Elevated threat levels and decreased expectations: How democracy handles terrorist threats

Tabitha Bonilla*, Justin Grimmer

*Corresponding author for this work

Research output: Contribution to journalArticlepeer-review

21 Scopus citations


A persistent concern in democracies is that terror threats make the public willing to restrict freedoms for increased safety. But a large literature has struggled to determine how terrorist threats affect the public's policy preferences. To more credibly estimate the effects of terror threats, we exploit elevations of the U.S. government's color coded alert system. Using this design, a statistical model for texts and a new collection of news stories, we show that media outlets allocate substantially more attention to terrorism after an alert. The alerts have, however, only a limited effect on the public. The terror alerts raise the public's perceived likelihood of a terror attack, but opinion about President Bush's job performance, preferences for foreign intervention, or willingness to restrict civil liberties changes little in response to the alerts. Rather, the only consistent result is decreased economic expectations-consistent with the strong economic downturn after the 9/11 attacks and the types of stories published after the terror alerts are elevated. Terror alerts, then, did not exercise direct influence on the public's policy preferences. Instead the alerts changed the topic of conversation.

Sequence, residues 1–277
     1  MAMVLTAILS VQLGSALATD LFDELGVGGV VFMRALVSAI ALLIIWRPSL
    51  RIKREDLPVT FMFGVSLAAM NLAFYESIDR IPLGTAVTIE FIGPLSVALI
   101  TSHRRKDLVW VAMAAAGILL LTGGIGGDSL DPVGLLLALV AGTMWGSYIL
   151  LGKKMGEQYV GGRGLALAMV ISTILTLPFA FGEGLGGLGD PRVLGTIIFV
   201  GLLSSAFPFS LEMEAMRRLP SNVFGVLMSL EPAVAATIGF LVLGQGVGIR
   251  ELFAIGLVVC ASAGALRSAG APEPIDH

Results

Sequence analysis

Original languageEnglish (US)
Pages (from-to)650-669
Number of pages20
Issue number6
StatePublished - Dec 2013

ASJC Scopus subject areas

  • Cultural Studies
  • Language and Linguistics
  • Communication
  • Sociology and Political Science
  • Linguistics and Language
  • Literature and Literary Theory


Dive into the research topics of 'Elevated threat levels and decreased expectations: How democracy handles terrorist threats'. Together they form a unique fingerprint.

Cite this